We are reading a fascinating study, James Surowiecki's The Wisdom of Crowds. He makes the counter-intuitive argument that if you pool the judgments of a diverse crowd, you will get an average answer that is likely to be good. In fact, it is likely to be better than the judgment of experts, and better than the judgment of any one member of the crowd.
To take a famous kind of puzzle, if you ask a crowd to guess the number of jellybeans in a jar, a few individuals in the group will be close to the right answer -- but the crowd as a whole is likely to be closer. Moreover, if you repeat the process with different sizes and shapes of the jars, the good individual guessers from the first jar are not likely to be the best individual guessers of the later jars -- but the crowd is likely to be close to right every time.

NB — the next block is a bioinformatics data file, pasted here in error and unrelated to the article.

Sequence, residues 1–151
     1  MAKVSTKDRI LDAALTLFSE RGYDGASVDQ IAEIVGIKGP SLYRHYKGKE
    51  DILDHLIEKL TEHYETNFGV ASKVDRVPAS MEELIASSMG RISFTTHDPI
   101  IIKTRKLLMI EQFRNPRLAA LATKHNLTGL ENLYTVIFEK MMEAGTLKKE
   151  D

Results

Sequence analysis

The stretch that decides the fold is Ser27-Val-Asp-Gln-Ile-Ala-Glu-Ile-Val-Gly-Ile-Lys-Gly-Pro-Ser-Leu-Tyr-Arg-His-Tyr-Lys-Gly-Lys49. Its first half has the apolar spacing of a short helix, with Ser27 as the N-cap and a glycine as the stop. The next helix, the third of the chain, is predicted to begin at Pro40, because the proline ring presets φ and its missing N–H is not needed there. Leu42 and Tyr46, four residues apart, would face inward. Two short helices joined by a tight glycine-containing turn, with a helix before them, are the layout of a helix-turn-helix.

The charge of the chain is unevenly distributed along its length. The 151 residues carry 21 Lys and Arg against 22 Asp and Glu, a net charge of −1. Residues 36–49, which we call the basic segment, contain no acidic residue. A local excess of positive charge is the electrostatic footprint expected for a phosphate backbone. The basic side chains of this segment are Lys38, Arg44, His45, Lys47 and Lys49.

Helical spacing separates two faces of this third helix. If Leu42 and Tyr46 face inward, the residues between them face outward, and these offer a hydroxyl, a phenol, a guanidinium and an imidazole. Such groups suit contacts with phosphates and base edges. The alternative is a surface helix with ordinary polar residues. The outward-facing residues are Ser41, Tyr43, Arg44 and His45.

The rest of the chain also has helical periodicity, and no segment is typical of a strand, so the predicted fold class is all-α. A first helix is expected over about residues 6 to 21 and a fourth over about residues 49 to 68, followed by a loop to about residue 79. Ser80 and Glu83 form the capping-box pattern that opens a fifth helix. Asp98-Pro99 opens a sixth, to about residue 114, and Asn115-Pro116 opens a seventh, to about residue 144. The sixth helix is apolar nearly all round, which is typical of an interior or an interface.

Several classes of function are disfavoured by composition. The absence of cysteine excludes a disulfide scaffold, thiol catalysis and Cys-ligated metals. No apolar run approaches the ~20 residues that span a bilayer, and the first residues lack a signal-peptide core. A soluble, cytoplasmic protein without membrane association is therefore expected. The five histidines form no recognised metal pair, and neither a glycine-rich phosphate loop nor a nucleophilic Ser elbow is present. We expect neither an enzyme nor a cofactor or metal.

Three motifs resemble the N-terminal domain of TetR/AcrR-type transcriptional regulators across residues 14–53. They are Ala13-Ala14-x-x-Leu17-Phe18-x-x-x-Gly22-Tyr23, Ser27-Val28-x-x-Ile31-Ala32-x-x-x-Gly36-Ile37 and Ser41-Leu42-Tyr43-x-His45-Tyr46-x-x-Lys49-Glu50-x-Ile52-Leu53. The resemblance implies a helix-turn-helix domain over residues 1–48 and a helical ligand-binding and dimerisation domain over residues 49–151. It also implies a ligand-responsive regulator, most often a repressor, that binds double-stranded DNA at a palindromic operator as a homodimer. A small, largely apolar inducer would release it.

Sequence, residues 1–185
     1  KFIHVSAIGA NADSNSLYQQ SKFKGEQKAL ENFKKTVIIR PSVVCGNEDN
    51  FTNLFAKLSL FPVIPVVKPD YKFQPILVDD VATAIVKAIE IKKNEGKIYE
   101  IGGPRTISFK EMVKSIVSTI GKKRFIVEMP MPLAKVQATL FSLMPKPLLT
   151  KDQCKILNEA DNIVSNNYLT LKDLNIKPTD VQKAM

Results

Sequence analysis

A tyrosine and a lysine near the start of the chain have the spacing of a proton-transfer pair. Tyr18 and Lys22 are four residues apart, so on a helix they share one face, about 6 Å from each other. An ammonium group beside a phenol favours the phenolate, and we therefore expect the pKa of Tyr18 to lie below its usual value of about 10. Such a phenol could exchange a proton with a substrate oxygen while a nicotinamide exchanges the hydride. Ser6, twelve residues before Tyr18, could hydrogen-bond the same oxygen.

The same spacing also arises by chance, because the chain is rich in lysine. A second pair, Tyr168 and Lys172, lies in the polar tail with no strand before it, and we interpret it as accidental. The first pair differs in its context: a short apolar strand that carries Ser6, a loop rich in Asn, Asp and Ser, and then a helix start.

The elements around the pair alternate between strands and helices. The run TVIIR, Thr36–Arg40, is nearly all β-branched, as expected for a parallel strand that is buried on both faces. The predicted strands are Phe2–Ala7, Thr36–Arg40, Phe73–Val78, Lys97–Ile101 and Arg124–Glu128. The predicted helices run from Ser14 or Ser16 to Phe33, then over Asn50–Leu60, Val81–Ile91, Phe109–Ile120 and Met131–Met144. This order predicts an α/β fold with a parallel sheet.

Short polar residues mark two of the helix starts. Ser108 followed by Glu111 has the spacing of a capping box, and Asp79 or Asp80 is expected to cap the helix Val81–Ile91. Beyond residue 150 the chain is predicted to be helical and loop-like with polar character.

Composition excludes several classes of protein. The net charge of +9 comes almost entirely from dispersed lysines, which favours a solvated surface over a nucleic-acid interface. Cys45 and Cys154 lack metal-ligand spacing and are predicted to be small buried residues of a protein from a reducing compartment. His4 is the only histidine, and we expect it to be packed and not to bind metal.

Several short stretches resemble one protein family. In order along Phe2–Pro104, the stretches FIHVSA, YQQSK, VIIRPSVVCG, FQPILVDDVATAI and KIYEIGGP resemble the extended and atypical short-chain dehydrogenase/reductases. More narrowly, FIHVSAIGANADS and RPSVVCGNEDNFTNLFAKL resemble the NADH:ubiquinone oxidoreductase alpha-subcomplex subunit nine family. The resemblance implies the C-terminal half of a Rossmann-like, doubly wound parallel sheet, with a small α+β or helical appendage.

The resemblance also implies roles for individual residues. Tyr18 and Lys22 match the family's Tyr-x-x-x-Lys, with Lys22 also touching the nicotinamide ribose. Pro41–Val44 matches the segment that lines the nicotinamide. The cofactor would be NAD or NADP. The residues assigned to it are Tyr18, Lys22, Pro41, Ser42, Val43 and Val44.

This is mysterious and interesting for anyone, but is especially intriguing for a sociologist. More as Surowiecki's argument unfolds.